Weed Protection and Your Feedback!

By Sara Fitzsimmons

Soil and weeds will significantly and negatively affect the growth of young trees; grasses in old fields are especially tough competitors. Growers with most success keep a weed-free area of at least 2-3 feet in diameter around their trees. The following article details several alternative approaches we at at Penn State have seen (though not necessarily used) implemented for weed control. The article also has a poll to determine what you the audience feel is the best approach for weed control. Come back often to see how your fellow tree growers feel about the subject.


You can mow, mulch, use a tarp or other plastic wrap, or spray with herbicide in order to manage within row vegetative competition. Some growers prefer to use organic options of weed control, while others do not have this constraint. Between rows, PA-TACF encourages growers to control vegetation through mowing, as this will help control rodent populations within the orchard. Also,
when tree shelters are employed, hand weeding within the tube will be necessary to control vegetation directly against young trees, at least for the first two years.

For a grower who strives to keep their land organically certified, the options for weed control include
landscape fabric, black plastic mulch, cardboard, and even corn gluten. Generally, landscape fabric and plastic mulch are favored. Wood chip mulch may be applied over landscape fabric or cardboard to halt deterioration of the materials

  1. Be careful with wood chip and black plastic mulch, particularly if you have not protected the stem with a tree shelter. Rodents, most often voles, like to live within or under mulch, just waiting for a vulnerable chestnut tree on which to munch.
  2. Black plastic mulch is not permeable. Depending on the type of irrigation and fertilization method you choose, black plastic mulch may not be the way to go. Broadcasted granular herbicide will not be able to sink in through the plastic. You will need to water the trees individually with a liquid-based fertilizer, or use a drip-line irrigation system into which you inject a liquid-based fertilizer.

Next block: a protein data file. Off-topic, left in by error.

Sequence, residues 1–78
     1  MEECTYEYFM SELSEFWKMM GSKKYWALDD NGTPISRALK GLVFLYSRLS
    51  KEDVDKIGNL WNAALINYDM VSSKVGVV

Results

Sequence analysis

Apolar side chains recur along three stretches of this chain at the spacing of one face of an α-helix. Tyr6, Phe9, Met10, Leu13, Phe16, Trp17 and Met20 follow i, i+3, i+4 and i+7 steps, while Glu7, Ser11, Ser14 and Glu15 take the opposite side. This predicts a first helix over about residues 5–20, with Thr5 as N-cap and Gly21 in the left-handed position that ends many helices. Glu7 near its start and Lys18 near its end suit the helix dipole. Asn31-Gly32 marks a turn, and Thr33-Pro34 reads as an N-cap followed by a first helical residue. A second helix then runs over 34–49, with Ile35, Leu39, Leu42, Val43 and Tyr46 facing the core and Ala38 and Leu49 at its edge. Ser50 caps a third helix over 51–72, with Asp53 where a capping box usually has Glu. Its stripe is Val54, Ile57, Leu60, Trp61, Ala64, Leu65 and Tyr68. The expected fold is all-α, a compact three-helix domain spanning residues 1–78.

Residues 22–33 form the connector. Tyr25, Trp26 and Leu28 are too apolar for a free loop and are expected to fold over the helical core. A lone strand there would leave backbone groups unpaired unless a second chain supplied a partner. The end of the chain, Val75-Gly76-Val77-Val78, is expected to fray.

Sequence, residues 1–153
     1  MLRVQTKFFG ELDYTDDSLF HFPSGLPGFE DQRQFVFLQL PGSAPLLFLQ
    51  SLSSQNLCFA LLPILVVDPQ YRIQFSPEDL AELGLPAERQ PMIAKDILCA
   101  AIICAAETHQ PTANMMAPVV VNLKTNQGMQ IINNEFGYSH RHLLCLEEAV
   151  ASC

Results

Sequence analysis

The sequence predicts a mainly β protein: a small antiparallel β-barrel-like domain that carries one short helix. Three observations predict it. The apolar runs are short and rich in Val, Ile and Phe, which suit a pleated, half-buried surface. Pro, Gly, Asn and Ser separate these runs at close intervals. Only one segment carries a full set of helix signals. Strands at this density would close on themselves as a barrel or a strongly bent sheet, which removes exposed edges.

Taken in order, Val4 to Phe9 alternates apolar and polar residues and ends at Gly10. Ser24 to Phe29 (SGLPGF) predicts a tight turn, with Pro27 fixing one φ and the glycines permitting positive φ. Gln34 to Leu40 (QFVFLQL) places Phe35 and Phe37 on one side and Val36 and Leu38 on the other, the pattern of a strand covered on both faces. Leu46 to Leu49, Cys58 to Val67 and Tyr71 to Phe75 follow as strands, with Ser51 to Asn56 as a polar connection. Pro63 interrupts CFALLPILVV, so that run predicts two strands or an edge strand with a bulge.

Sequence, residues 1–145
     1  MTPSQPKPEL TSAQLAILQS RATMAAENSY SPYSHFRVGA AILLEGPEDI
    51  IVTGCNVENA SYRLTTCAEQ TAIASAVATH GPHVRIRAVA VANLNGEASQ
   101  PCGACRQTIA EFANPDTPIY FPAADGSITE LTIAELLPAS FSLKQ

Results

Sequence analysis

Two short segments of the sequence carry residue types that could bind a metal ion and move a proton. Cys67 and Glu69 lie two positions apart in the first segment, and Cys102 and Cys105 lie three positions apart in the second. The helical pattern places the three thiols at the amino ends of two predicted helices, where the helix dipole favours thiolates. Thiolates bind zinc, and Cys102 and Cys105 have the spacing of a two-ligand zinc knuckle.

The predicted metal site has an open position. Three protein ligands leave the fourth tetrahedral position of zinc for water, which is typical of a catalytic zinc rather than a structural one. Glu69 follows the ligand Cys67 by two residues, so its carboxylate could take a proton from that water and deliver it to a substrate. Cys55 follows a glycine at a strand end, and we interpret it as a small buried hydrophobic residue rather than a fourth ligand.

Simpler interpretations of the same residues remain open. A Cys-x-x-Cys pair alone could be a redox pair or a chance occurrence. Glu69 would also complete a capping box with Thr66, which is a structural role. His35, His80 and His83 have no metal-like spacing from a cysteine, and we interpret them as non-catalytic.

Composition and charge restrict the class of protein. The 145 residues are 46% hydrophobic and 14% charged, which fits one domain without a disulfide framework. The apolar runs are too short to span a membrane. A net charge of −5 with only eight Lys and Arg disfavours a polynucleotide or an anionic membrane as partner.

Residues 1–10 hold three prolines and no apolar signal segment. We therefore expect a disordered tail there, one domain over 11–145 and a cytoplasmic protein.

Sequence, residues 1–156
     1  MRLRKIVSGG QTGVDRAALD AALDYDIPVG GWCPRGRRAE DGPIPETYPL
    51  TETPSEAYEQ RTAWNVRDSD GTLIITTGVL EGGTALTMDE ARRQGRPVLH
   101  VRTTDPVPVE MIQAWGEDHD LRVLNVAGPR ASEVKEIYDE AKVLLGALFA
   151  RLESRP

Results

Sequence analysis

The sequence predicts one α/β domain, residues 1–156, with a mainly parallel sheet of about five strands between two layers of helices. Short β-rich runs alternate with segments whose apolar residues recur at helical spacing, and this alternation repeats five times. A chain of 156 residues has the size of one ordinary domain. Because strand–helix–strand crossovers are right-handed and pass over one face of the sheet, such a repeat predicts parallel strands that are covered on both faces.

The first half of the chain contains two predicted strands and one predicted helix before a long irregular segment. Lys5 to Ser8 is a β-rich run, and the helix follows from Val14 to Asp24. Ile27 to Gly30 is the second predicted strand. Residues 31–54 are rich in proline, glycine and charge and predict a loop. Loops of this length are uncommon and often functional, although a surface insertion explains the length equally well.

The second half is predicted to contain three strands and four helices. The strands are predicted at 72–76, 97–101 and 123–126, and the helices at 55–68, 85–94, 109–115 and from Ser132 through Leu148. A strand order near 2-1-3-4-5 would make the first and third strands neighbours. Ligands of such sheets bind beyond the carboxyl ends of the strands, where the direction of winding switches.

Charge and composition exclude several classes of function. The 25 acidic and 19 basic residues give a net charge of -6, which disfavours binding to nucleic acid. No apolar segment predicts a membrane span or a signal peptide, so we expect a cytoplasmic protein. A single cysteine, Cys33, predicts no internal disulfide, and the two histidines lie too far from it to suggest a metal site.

3. Landscape fabric is permeable, but often more expensive. Weigh the costs and benefits, and feel free to consult with the Chapter's tree breeding program coordinator.
  4. Organic herbicide? Some gardener magazines suggest the application of a cocktail of lemon juice and vinegar to control offensive competing
    vegetation. Corn gluten is another option. The effects of these methods on chestnut culture have not yet been fully evaluated by the Chapter. Use at your own risk!

The most often employed method of weed control by PA-TACF growers is through the use of commercially available herbicides. Although we do not officially endorse the use of any one herbicide, most growers use RoundUp or a similarly-formulated broad-spectrum herbicide. There are many generic brands of glyphosphate-based herbicides — check around for different brands. In general, however, check the concentration, read the label well, and get a brand with an included surfactant, which will help the herbicide stick to the vegetation better.

  1. Spray when the weather is clear and the target vegetation is actively growing.
  2. Spray about 2 times per year, once in the early summer and once in the fall.
  3. Keep an area 2-3 feet in diameter around your trees free of grass and weeds.
  4. Be certain to protect the bark and leaves of the chestnut tree — 2 foot tall plastic tree shelters work very well for this.
  5. *Always* read the label and follow instructions on the herbicide. Unless you are fully certified and trained to work with herbicides, consult with your local extension agent and breeding coordinator before embarking on a killing spree with a potentially dangerous herbicide cocktail.

There are other herbicides out there that work differently and have more specific targets than RoundUp. These include chemicals specific to woodyvegetation or pre-emergent herbicides. Typically, these chemicals require certification or extensive personal protective equipment (PPE) for application.

Sara Fern Fitzsimmons

Northern Appalachian Regional Science Coordinator

The American Chestnut Foundation

The Pennsylvania State University

206 Forest Resources Lab

University Park, PA 16802

e-mail: sara@acf.org

phone (office): 814-863-7192

phone (cell): 814-404-6013

fax: 814-863-3600




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Bill Adamsen

Bill Adamsen

Bill Adamsen is a member of the CT Chapter of The American Chestnut Foundation (TACF) Board of Directors. He served as Chapter President for eight years.

Bill Adamsen

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